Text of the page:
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Charles Munger USC commencement speech – 2007

January 19, 2010 | About:
Karl

Karl

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In 2007, Charles Thomas Munger (aka: Charlie Munger) had the honor of doing a commencement speech at the University of Southern California (USC). Munger is the Chairman of the Board, President and Chief Executive Officer of Wesco Financial Corporation (ticker: WSC). Wesco is a subsidiary of Berkshire Hathaway Inc (ticker: BRK-A,BRK-B). Munger also acts as vice chairman of Berkshire Hathaway Inc.

This article provides a brief overview of the 5 videos. To fully appreciate Munger, it is highly recommended that the reader view each video in its entirety. Munger is a quiet person who does not appear publicly very often. This 30 or so minutes of him speaking truly gives an inside glimpse of how he thinks and is a gem. For those that have not listened to Munger before, it is safe to assume that this speech will not disappoint you.

Video 1

The video begins with an introduction of Charlie Munger. Who is the key note speaker for the day. He gives a brief history of Munger and throws in a couple of Munger's popular quotes. For example, “If it's wisdom you are after, you are going to spend a lot of time on your ass and reading.” Poor Charlies Almanac is also mentioned as a book worth reading.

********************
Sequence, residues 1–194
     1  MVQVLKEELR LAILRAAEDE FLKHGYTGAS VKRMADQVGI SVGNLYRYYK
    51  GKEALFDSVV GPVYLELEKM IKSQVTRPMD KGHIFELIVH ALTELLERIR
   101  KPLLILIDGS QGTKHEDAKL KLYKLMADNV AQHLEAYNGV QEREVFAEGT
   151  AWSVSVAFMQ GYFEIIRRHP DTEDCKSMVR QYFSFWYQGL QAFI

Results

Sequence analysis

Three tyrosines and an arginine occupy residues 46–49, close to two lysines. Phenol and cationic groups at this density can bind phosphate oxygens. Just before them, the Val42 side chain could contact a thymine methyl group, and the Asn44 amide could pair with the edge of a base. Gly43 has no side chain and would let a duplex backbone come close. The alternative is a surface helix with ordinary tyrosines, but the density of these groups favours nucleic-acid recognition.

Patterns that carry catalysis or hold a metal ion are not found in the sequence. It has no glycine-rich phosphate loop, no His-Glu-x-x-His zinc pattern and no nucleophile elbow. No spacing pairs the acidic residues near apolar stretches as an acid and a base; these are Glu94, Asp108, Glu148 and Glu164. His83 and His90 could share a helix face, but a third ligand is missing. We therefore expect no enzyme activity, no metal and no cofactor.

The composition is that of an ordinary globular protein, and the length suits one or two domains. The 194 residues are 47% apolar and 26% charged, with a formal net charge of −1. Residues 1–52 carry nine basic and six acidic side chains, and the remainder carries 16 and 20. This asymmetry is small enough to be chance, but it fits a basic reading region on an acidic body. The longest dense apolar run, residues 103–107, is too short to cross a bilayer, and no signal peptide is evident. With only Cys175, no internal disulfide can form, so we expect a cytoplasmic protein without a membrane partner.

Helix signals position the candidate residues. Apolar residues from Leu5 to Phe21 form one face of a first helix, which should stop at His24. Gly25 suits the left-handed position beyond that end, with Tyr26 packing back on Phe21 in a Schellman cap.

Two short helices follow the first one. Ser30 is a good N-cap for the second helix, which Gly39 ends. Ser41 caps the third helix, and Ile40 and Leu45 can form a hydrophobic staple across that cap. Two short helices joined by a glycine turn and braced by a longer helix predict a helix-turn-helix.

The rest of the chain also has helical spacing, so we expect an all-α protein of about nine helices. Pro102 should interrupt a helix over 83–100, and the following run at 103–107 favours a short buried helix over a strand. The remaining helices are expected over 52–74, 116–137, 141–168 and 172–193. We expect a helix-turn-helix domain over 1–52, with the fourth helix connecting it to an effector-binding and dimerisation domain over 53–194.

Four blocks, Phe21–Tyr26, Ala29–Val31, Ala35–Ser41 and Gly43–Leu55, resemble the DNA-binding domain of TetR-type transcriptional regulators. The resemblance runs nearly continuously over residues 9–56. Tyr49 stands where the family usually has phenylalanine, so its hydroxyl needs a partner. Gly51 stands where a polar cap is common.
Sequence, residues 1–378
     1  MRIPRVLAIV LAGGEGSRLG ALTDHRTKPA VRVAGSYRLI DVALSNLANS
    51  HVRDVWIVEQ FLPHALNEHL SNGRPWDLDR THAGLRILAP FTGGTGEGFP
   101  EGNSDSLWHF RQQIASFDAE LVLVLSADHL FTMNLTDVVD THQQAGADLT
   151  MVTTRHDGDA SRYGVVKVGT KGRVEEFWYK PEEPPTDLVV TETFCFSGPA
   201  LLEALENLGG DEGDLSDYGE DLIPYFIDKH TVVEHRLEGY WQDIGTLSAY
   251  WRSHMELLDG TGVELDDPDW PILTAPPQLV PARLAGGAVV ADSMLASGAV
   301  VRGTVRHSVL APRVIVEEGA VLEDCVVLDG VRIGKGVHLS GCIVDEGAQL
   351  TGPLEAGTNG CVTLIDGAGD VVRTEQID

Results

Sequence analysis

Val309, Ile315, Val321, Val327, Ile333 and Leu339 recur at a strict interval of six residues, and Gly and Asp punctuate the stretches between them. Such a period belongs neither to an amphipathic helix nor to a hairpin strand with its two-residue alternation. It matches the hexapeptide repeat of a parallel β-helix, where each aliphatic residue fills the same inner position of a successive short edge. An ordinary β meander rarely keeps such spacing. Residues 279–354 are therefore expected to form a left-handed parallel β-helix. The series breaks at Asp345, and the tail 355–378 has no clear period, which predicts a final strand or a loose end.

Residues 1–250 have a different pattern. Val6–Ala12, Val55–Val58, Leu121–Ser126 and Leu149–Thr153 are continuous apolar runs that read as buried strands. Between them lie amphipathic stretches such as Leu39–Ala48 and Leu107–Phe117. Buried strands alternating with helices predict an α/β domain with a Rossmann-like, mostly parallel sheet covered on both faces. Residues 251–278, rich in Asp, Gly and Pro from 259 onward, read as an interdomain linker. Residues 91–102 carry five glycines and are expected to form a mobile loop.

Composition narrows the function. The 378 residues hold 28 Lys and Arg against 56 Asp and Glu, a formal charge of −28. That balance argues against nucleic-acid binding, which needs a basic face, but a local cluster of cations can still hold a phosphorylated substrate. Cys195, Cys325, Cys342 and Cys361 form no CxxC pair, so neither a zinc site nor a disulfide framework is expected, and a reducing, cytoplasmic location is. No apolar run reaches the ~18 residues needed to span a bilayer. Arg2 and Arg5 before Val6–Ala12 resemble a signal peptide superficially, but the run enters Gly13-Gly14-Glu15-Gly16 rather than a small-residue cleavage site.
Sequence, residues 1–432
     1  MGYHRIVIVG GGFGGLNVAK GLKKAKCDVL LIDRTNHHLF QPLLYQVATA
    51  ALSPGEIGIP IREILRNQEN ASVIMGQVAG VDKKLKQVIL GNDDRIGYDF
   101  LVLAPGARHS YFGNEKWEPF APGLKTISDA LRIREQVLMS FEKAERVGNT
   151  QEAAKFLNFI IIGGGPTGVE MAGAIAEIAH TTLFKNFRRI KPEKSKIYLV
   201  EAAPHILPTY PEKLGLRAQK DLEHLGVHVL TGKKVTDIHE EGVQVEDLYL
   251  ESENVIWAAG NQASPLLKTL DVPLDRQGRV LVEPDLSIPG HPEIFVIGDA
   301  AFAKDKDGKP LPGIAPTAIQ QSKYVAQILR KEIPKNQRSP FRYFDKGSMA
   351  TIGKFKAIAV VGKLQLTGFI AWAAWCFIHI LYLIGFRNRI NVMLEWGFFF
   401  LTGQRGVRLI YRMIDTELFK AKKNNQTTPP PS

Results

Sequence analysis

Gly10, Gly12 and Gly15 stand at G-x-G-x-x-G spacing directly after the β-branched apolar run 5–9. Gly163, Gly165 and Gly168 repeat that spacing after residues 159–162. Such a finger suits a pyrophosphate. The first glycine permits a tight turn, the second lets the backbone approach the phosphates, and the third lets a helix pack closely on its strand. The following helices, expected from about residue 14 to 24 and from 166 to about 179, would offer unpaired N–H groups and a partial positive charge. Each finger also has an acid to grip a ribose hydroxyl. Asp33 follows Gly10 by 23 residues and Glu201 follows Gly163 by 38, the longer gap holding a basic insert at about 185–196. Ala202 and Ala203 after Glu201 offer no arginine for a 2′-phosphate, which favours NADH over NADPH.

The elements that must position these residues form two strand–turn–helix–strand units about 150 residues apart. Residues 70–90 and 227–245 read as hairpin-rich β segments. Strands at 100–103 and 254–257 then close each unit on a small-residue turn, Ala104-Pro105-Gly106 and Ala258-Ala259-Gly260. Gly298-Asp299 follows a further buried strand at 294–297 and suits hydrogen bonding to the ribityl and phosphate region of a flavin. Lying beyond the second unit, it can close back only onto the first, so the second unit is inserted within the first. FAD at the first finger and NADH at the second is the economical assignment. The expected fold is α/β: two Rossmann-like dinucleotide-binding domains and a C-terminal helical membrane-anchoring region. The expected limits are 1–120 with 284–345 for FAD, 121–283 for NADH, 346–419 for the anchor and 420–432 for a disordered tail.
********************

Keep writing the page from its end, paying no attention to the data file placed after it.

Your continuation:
Munger steps in and begins speaking at the 4 minute mark of the first video. He mentions that he has some notes scratched on a piece of paper and begins his speech. His goal is to provide some ideas and attitudes that have worked for him.

Munger says, “What are the core ideas that have helped me?” The safest way to get what you want is to try and deserve what you want. It's sounds rather simple.

He also tells a story that emphasizes the fact that ones character and not the size of ones wallet is what one will be remembered for.



Video 2

In part 2, he talks about wisdom acquisition and how it is a moral duty. It is not simply a way to advance professionally in life. The corollary is that without lifetime learning, you will not do well. You will advance in life as you acquire wisdom over your life.

Using Berkshire Hathaway as an example, he states that what was used to succeed in the past 10 years is not what will work in the next 10 years. He says that Warren Buffett is a continuous learning machine and this is why Berkshire is so successful. The key is going to bed a little wiser than when you woke up that day.

Half of Buffett's time is spent on his bottom reading. The other half is talking in the phone with people who he admires.

There is also a story of a medical school academic from when Munger worked as a hospital board chairman. He told of how one of the doctors was an expert in bone tumors. And he wanted to pass his knowledge onto others. He decided to write a textbook that is useful to other people. He said that this book probably won't sell 2000 copies but it will be at every major cancer center in the world. This man spent every day of his life for a year writing this book that is one of the best on bone cancer. These are the kind of personal values one should strive for as a person.